Minajority, 2012, media and dimensions variable


Boris Ondreicˇka is a singer, author, curator and artist whose works deal predominantly with language, both in its spoken form as performed poetry, and in writing, with a particular focus on typography. His work never assumes a final form or materializes in objects; rather, it constitutes itself as a permanent process, based on a pool of “materials” which are assembled and recombined in site- and context-specific interventions. 

Aside from text—mostly his own writings—his work encompasses a vast and ever-changing collection of images, appropriated from various sources and different historical epochs. It is in the space between text and image that his work temporarily nests. This is the space of the imagination, or in other words, of morphological figuration, in which the differences between form and image, image and meaning, become porous and unstable. These differences can be blurred or enhanced through the strategic use of semantic shifts and displacements, that is, through the conceptual act of poetry. The inconsistencies of meaning and rationality are embraced by music and rhythm. It is this immersive, associative, and even hallucinatory quality unleashed in language and images through their musical activation that is at the core of Ondreicˇka work. Both language—spoken text or written words—and images—concrete or abstract—here become sensors of sorts for what Ondreicˇka simply calls “frequencies,” which is something we may experience as viewers in the rhythm of our associations and emotional reactions, but which also is a way of “recording” history—a history quite different from linear time, but no less actual, embodied, and sensual. Hence, DNA as the physical “code of life” is a persistent motif in Ondreička’s work—and the spiraling double helix is perhaps an image par excellence for the willful collapse of dialectics, for folding opposites into each other along a certain “frequency.” And it is also an image for scientific laws and determination, as the code or program from which emerges all living forms.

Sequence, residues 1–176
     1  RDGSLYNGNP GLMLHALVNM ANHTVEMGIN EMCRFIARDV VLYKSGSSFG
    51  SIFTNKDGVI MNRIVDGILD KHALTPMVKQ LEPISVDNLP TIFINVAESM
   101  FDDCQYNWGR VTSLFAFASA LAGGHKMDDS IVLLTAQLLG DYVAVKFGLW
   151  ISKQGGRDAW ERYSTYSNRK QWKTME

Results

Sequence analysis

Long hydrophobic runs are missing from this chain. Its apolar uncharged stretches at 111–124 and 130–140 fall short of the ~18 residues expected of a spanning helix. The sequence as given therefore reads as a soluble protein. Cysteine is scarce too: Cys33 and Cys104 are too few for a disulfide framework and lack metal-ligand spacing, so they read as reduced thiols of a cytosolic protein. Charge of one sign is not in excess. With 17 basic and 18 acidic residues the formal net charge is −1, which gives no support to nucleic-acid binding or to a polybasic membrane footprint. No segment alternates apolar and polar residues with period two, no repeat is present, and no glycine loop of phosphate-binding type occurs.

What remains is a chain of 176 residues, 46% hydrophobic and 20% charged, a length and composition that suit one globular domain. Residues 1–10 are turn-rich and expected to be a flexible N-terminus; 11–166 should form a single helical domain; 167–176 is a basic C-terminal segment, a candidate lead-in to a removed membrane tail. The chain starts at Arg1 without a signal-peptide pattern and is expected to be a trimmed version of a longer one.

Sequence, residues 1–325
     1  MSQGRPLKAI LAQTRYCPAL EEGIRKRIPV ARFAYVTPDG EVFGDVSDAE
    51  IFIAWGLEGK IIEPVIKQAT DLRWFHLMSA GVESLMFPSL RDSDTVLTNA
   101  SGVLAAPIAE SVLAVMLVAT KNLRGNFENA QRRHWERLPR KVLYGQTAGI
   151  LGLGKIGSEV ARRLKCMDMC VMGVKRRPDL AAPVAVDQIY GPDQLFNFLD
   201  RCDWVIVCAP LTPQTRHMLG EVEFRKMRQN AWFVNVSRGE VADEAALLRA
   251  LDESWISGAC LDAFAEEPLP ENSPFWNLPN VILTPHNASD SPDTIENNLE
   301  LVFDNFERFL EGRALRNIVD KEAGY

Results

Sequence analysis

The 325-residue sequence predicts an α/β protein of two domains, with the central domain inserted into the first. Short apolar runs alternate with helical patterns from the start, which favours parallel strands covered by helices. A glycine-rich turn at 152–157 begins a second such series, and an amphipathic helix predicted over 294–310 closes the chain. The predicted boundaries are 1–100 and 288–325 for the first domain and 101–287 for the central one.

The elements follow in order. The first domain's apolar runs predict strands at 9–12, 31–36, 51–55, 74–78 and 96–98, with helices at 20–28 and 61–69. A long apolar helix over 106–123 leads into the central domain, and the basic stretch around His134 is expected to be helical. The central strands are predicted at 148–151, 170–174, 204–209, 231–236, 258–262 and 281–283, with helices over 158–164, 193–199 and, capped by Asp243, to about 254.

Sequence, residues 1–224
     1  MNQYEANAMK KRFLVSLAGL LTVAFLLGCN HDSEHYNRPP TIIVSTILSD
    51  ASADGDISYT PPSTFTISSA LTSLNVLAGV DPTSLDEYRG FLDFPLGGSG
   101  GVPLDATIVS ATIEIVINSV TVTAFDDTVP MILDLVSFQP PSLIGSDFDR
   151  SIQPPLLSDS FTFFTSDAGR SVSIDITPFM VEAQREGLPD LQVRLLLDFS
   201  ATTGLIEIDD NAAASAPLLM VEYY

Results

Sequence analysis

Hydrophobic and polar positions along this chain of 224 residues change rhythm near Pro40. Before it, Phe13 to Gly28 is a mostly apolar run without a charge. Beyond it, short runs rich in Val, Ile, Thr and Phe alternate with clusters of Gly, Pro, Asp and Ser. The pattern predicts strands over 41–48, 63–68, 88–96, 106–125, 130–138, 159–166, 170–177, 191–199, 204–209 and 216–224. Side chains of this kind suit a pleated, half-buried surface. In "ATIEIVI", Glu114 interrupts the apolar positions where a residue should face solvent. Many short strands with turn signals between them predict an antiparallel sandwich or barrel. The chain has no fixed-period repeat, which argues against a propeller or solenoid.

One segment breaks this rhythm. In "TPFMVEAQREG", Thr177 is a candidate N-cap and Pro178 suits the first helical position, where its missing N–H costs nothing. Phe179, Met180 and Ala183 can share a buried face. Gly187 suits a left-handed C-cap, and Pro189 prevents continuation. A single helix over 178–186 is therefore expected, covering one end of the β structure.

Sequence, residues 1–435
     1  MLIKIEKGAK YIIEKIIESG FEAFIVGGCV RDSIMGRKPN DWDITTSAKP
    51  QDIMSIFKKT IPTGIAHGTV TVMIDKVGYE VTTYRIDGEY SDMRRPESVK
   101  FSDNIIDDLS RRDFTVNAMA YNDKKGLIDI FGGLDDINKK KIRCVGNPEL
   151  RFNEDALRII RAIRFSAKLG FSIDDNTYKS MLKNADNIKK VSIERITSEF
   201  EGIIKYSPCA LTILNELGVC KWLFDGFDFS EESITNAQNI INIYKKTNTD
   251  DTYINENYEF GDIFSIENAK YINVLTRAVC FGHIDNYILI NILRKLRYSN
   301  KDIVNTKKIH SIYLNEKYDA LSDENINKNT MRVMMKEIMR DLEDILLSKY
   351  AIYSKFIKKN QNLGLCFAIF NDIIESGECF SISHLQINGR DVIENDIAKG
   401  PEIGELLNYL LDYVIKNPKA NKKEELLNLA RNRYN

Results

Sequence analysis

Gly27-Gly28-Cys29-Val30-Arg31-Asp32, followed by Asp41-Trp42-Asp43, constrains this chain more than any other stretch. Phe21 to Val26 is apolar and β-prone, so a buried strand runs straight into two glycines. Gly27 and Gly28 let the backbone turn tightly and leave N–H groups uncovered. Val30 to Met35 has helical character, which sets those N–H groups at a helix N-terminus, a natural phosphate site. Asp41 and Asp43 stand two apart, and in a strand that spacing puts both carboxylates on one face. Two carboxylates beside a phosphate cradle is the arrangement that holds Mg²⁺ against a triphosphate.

Ondreicˇka’s performance and installation Black Birds and Blackbirds for the Taipei Biennial investigates the “dark” side of all form and meaning—the unknown, the realm of the hallucinatory, irrational, or compulsive—and the pure “imminence” of form, that is, the point where the difference between form and mental process or social relation evaporates, where “reading” and “immersion” become one and the same.

Boris Ondreička, born 1969 in Slovakia, lives and works in Bratislava